There is a marketing angle here: better food is food, not a chemical ingredient. And with natural ingredients come challenges. But the benefits far outweigh the downsides 364 days a year.
— Jason Clampet
While the biggest U.S. restaurant chains are likely to shrug off the latest lettuce scare, salad-focused ones are ripping up their menus and making impromptu substitutions.
Jaime Mitrani, who owns five Giardino Gourmet Salads locations in Miami, said sales were down after the Centers for Disease Control and Prevention told American consumers Tuesday to avoid romaine because it might be contaminated with Shiga toxin-producing E. coli bacteria.
“Last night we did notice a slower than normal night,” Mitrani said in an interview. “It might be even slower” today, he said. “People are definitely aware.”
In response, the 17-location salad chain is trying to sell quinoa-and-rice bowls made with baby leaf and spinach in lieu of romaine-based options. And Mitrani says he’s removed the extra $1.50 he usually charges for more premium greens including arugula and kale.
Sweetgreen, a Culver City, California-based chain, said it’s pulled all romaine and spring mix that has baby romaine until further notice from the CDC about the growing regions that are affected. The company has about 90 locations and says it frequently sources ingredients from local farmers.
Sales of romaine in the U.S. were already down, totaling $47 million in the four weeks that ended Nov. 3, according to Nielsen. That’s almost 12 percent lower than a year earlier.
On Wednesday, a Freshii location in Chicago had posted a “Romaine Calm” sign near its register. When customers order a romaine-based item, like the buffalo salad, they’ll be offered kale or spinach, said manager Arnulfo Castillo, who noted people are likely to “shy away” from salads because of the latest scare.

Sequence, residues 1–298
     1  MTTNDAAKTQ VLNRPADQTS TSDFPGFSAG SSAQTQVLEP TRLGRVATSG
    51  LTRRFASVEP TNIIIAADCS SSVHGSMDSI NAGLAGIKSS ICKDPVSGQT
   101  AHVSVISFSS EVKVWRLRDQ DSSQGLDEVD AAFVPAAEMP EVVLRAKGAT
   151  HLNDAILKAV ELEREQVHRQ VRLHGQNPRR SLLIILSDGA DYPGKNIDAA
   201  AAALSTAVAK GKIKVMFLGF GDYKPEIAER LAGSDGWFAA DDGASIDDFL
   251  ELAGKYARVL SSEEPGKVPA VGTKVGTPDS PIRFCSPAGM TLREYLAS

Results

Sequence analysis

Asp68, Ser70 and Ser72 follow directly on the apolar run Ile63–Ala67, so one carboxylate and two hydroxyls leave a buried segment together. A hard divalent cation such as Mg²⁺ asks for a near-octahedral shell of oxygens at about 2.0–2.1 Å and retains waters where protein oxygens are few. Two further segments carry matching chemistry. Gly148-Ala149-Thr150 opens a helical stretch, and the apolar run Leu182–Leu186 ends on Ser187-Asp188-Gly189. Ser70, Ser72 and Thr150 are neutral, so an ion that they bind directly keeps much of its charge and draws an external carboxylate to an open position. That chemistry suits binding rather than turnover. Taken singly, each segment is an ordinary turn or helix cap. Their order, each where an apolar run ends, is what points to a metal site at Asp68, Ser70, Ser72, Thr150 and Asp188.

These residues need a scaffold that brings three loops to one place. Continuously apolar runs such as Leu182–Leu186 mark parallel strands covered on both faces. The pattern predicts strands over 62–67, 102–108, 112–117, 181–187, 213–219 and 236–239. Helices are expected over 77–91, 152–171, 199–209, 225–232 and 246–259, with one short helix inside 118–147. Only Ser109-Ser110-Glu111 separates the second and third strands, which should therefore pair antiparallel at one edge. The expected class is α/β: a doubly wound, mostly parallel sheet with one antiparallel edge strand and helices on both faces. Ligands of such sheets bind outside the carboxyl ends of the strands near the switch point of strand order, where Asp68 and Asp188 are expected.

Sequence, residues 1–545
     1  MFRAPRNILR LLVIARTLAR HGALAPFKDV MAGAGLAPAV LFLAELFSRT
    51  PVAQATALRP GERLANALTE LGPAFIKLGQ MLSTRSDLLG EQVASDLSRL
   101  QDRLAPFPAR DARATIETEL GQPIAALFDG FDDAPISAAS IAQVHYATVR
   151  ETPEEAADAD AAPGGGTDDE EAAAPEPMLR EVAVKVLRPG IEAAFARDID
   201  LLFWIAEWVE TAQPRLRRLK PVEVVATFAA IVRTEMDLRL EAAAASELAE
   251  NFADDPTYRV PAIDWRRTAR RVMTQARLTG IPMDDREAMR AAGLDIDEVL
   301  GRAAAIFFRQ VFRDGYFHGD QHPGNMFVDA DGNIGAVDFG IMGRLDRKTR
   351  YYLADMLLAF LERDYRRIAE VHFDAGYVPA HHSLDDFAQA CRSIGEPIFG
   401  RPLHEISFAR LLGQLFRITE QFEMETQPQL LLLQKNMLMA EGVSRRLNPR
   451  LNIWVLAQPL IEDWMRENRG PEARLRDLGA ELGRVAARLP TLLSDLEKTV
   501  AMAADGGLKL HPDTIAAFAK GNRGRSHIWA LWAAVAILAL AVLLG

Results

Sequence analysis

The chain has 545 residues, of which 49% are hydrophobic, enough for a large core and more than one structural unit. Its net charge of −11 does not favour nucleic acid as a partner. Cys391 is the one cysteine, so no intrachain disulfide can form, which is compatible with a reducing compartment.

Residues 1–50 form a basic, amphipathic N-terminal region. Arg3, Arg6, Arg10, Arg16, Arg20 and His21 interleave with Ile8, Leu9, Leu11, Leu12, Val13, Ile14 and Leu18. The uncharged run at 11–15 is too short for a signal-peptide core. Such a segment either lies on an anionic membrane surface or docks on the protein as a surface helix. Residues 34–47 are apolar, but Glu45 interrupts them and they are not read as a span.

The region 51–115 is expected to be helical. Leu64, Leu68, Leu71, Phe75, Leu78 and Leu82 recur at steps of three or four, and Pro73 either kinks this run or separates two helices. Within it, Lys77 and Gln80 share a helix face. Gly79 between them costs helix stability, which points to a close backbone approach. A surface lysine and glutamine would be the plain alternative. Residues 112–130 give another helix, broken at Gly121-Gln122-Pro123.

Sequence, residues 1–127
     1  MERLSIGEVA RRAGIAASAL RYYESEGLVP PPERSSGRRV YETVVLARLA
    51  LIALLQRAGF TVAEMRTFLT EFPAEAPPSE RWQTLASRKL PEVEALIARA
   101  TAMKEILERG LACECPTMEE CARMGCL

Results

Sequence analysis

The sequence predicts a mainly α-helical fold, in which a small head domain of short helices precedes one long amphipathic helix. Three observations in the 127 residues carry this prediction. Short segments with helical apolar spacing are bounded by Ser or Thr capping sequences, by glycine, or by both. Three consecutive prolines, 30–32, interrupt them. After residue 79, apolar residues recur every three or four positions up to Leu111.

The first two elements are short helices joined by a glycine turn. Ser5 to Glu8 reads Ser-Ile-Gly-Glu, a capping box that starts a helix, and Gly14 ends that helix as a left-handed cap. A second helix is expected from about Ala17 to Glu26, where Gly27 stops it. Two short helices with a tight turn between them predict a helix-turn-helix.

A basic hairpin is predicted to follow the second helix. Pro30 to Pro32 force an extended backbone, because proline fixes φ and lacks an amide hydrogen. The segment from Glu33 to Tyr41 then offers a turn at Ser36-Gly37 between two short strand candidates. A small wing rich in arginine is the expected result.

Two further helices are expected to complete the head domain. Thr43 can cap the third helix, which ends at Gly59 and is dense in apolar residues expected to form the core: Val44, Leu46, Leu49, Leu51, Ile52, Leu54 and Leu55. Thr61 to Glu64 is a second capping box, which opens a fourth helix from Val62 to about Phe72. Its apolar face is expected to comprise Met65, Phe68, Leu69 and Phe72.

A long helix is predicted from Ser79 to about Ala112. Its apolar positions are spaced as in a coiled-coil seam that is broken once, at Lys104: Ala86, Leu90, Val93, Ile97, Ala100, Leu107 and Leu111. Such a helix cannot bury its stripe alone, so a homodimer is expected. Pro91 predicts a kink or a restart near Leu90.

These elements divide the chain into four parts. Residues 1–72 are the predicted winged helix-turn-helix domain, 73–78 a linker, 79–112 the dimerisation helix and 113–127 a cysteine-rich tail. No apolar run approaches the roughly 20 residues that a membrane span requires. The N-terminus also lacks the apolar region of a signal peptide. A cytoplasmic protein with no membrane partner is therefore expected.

He’s anticipating a drop in sales due to the recall on a day that’s already slow thanks to the Thanksgiving week. Consumers may be thinking “let’s not eat any type of lettuce for a while,” he said.
The only salad available at Panera Bread Co. out of its 11 options is the ancient-grain chicken that is made with arugula and apple-cabbage slaw. The rest have been taken off the menu, the website showed Wednesday.
The latest lettuce scare, however, is likely to be short lived, said BTIG LLC restaurant analyst Peter Saleh, noting that Panera, Chipotle Mexican Grill Inc. and Wendy’s Co. probably have the most romaine on their menus of the large chains.
“For the near term, you could have some consumers shying away from some of the salad concepts,” he said. “You probably won’t see much of an impact in the numbers for the vast majority of the companies.”
Wendy’s says its restaurants in the U.S. and Canada are throwing away all romaine lettuce and making its salads and sandwiches with iceberg only — it’s not selling any Caesar salads, spokeswoman Heidi Schauer said in an email.
But this outbreak, with 32 reported cases including 13 hospitalizations, didn’t scare away Chipotle diner Matt Greene, a 25-year-old software developer. He said he wasn’t concerned about the risk at the Chicago location, which posted a sign apologizing for the lack of romaine lettuce.
“It sucks,” he said, but “it’s not a huge part of my diet.”
He planned to order a steak burrito with queso sauce, cheese, black beans and white rice — no lettuce.
–With assistance from Deena Shanker.
©2018 Bloomberg L.P.
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